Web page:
Also known as: Carcinoembryonic antigen blood test
- Breast cancer
- Cancers of the reproductive and urinary tracts
- Colon cancer
- Lung cancer
- Pancreatic cancer
- Thyroid cancer
- Excessive bleeding (rare)
- Fainting or feeling lightheaded
- Hematoma (blood accumulating under the skin)
- Infection (a slight risk any time the skin is broken)
Carcinoembryonic antigen (CEA) is a protein normally found in the tissue of a developing baby in the womb. Blood levels of this protein disappear or become very low after birth. In adults, an abnormal amount of CEA may be a sign of cancer.
A blood test can be done to measure the amount of CEA in your blood.
How the test is performed
A blood sample is needed. For information on how this is done, see: Venipuncture
How to prepare for the test
Smoking may increase CEA levels. If you smoke, your doctor may tell you to avoid doing so for a short time before the test.
How the test will feel
When the needle is inserted to draw blood, some people feel moderate pain, while others feel only a prick or stinging sensation. Afterward, there may be some throbbing.
Veins and arteries vary in size from one patient to another and from one side of the body to the other. Obtaining a blood sample may be more difficult from some people than from others.
Why the test is performed
This test is done to check for the return of colon and other cancers in people already diagnosed with cancer. It is not used as a screening test for cancer.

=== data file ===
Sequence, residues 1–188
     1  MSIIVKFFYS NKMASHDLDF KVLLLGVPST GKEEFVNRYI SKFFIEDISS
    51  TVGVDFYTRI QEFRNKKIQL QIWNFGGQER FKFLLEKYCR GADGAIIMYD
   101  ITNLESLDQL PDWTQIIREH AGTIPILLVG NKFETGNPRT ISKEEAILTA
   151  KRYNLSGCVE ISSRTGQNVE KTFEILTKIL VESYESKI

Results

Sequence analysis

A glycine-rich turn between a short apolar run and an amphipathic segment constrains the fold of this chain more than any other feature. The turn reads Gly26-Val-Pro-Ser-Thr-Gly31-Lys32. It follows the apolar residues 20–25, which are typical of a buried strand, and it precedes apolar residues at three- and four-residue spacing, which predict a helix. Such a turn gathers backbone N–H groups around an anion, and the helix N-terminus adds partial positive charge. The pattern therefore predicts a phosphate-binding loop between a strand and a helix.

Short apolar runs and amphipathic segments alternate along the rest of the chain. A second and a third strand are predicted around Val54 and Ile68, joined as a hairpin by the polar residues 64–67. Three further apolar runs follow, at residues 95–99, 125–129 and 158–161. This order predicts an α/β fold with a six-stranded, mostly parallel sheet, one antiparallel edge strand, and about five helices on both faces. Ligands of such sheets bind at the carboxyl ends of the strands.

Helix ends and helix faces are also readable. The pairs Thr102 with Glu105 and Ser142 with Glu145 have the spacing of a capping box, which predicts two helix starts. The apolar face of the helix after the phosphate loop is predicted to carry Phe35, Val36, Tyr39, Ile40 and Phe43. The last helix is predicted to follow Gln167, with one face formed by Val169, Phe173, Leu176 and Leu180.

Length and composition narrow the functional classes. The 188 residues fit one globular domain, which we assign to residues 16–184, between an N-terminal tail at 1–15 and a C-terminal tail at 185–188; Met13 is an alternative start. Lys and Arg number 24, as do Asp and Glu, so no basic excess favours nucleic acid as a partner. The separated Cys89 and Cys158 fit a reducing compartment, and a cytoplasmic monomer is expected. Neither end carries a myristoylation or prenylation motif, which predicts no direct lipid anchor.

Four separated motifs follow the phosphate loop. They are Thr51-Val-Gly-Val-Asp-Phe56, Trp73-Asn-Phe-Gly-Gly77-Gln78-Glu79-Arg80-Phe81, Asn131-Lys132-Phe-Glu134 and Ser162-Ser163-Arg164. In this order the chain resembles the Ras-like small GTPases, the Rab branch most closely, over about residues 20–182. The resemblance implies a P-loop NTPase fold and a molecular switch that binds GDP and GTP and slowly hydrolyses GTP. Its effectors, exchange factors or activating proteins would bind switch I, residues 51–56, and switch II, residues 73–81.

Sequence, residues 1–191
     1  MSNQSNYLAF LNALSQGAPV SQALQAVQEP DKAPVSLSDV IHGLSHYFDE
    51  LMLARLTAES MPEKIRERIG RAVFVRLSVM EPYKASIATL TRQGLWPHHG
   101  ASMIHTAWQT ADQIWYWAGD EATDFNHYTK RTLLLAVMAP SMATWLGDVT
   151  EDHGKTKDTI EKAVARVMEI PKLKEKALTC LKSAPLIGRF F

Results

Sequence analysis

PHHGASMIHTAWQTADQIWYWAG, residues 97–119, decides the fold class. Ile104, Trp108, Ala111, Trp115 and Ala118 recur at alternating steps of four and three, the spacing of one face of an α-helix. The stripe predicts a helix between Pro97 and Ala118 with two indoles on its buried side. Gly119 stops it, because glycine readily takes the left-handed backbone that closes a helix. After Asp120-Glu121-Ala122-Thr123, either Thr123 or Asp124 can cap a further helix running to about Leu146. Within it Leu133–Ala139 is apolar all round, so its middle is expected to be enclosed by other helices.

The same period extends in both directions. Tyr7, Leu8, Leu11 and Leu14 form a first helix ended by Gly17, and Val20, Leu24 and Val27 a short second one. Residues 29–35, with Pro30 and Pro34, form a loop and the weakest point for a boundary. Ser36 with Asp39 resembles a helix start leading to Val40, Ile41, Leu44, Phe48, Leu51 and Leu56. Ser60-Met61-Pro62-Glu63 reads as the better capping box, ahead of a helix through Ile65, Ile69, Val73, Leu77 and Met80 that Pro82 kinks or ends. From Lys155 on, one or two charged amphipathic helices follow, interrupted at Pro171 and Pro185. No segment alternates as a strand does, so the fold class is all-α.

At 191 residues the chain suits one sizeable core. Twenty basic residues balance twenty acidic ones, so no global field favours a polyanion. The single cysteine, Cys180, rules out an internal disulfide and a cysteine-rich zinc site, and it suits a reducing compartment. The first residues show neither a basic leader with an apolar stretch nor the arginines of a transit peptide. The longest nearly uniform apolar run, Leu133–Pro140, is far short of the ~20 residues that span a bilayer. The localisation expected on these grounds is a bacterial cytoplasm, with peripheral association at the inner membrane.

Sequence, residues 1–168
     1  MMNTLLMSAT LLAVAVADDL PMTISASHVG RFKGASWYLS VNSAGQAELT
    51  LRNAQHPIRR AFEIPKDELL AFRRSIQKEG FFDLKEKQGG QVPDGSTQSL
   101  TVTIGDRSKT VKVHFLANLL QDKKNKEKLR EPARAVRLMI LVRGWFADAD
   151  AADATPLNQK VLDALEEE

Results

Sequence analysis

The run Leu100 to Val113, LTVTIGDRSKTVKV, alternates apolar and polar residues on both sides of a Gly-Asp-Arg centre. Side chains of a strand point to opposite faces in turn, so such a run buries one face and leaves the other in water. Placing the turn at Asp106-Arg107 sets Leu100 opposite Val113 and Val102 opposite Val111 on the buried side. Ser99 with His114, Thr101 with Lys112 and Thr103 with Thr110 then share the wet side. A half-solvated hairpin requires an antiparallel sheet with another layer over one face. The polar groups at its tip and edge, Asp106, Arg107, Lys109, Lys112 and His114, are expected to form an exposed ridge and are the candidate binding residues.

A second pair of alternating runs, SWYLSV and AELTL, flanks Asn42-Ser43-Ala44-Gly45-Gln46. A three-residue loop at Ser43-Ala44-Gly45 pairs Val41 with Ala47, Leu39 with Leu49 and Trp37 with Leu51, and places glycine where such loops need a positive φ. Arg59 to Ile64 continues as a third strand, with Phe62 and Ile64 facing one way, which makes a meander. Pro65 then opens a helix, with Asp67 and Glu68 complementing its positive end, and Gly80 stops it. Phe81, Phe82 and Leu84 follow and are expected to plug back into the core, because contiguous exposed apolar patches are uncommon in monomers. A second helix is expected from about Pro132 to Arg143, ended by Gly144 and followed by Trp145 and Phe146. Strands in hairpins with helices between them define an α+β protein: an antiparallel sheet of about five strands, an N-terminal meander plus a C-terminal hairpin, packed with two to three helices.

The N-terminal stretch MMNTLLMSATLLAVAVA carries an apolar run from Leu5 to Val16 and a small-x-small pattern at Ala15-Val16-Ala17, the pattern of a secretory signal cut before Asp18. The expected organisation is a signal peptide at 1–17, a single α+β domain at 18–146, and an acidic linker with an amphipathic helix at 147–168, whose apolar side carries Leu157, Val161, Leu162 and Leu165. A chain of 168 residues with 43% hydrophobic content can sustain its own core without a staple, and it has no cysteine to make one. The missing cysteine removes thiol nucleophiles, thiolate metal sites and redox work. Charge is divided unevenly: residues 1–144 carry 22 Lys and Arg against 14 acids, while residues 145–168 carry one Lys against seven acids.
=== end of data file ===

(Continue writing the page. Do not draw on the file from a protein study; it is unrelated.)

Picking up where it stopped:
The normal range is 0 to 2.5 micrograms per liter (mcg/L). In smokers, the normal range is 0 to 5 mcg/L.
Normal value ranges may vary from lab to lab. In smokers, slightly higher values may be considered normal.
What abnormal results mean
High CEA levels in a person recently treated for certain cancers may mean the cancer has returned. Higher than normal levels may be due to the following cancers:
Higher than normal CEA levels alone cannot diagnose a new cancer. Further testing is needed.
Increased CEA levels may also be due to:
What the risks are
Abnormal CEA levels can be found in people who do not have cancer.
Blanke CD, Faigel DO. Neoplasms of the small and large intestine. In: Goldman L, Schafer AI, eds. Cecil Medicine. 24th ed. Philadelphia, Pa: Saunders Elsevier; 2011:chap 199.
- Review date:
- May 8, 2011
- Reviewed by:
- David C. Dugdale, III, MD, Professor of Medicine, Division of General Medicine, Department of Medicine, University of Washington School of Medicine. Also reviewed by David Zieve, MD, MHA, Medical Director, A.D.A.M., Inc.
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